Nauru’s Top Attractions
With the history of the island and its economic downfall it seems that there is nothing much that the island can offer the traveller, but for the curious, it is worth a visit. But be warned there is little or no tourist infrastructure and hotels are not particularly inviting. Off-shore diving is not a sport that can be enjoyed and there are no facilities. Bathing and surfing along the coast are dangerous pursuits as there are strong
underwater currents and at times enormous waves appear without warning. However, a deep sea fishing charter is really worthwhile and avid fishermen do come to the island with just that in mind.
The 19km (12 miles) long sealed road that circles the island has a few minor roads running off it leading to the Central Plateau and the phosphate mining area.
The largest community on the island is concentrated in the Yaren district and it is considered the island’s capital. The island’s airstrip is here as well as the Parliament buildings and police station. The Nauru International Airport that has regular flights to and from Brisbane, Australia is also in this district.
This lagoon boasts the most vegetation on the island with Palm trees predominating. It is a freshwater lagoon but unfortunately the water is not suitable for swimming as there are no inflows of fresh water, although it is nonetheless a popular picnic spot. The lagoon has a depth that increases from 78 to 256 feet.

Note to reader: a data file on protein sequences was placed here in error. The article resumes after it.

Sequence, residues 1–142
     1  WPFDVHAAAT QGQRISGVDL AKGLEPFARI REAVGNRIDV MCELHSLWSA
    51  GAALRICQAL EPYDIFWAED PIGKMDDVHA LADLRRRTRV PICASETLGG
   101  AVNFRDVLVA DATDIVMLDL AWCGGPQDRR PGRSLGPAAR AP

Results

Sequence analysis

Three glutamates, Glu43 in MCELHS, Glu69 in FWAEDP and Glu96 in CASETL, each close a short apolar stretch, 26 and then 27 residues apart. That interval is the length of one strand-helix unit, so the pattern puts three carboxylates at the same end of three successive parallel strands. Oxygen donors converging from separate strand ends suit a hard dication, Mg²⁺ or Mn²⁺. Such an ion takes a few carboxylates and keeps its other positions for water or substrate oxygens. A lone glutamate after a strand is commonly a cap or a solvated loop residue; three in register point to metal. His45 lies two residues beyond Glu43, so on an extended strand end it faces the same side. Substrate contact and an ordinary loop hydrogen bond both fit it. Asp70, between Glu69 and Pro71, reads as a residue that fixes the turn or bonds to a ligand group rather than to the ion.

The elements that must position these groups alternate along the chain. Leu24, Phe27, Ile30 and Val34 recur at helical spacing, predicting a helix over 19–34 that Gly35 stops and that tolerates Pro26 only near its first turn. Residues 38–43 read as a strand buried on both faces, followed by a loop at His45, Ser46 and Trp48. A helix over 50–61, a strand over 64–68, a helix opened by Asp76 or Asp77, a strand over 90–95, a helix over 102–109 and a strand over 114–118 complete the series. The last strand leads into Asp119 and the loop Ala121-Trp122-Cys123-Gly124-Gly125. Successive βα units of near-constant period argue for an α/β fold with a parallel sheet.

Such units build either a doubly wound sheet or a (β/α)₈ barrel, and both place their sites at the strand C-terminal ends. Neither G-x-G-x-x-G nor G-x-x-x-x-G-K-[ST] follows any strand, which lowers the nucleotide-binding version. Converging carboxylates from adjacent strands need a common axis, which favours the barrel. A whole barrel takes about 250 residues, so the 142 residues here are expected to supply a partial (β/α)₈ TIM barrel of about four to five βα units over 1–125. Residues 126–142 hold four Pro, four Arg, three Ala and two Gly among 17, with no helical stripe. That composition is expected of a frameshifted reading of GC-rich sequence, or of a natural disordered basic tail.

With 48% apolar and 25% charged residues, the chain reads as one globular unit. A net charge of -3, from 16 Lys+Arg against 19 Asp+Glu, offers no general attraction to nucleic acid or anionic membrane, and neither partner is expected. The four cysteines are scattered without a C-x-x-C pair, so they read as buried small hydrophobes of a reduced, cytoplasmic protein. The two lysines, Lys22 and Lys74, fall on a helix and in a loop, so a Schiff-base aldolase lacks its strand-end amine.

Moqua Caves and Moqua Well
The well was the main source of drinking water during the Japanese occupation. Both the well and the caves are near to the Nauru International airport but are not easy to access as a fence has been built across the entrance to the well. The ancient limestone caves, however, can be accessed and are just a short walk from the Parliament buildings in Yaren.
A romantic moonlit sight if you are into photography and by day the most beautiful of tropical beaches with its white coral sands ringed with palm trees stretching around the coast for more than a mile. Swimming and fishing are best done from the safety of Anibare Harbour built by the Japanese in 2000.
Standing at 213 feet it is the highest point on the island. Here the Japanese kept watching over the island during their occupation in WWII proof of which is still to be found in the two rotating six-barrel guns and single communications bunker at the summit. You can hire a car to reach the summit or undertake a not-too-taxing hike.
The Plateau covers the uninhabited phosphate mining interior of the island which islanders call ‘Topside’. If you venture here you will have the surreal feeling that you have landed on the moon as it is filled with craters and peaks without a sign of life for miles.
The President of Nauru, the Hon. Baron Waqa, started a project to rehabilitate the Central Plateau and islanders are optimistic of their future as signs of returning vegetation is becoming apparent over some of ‘Topside’, but right now Nauru is not the most tempting of tourist destinations.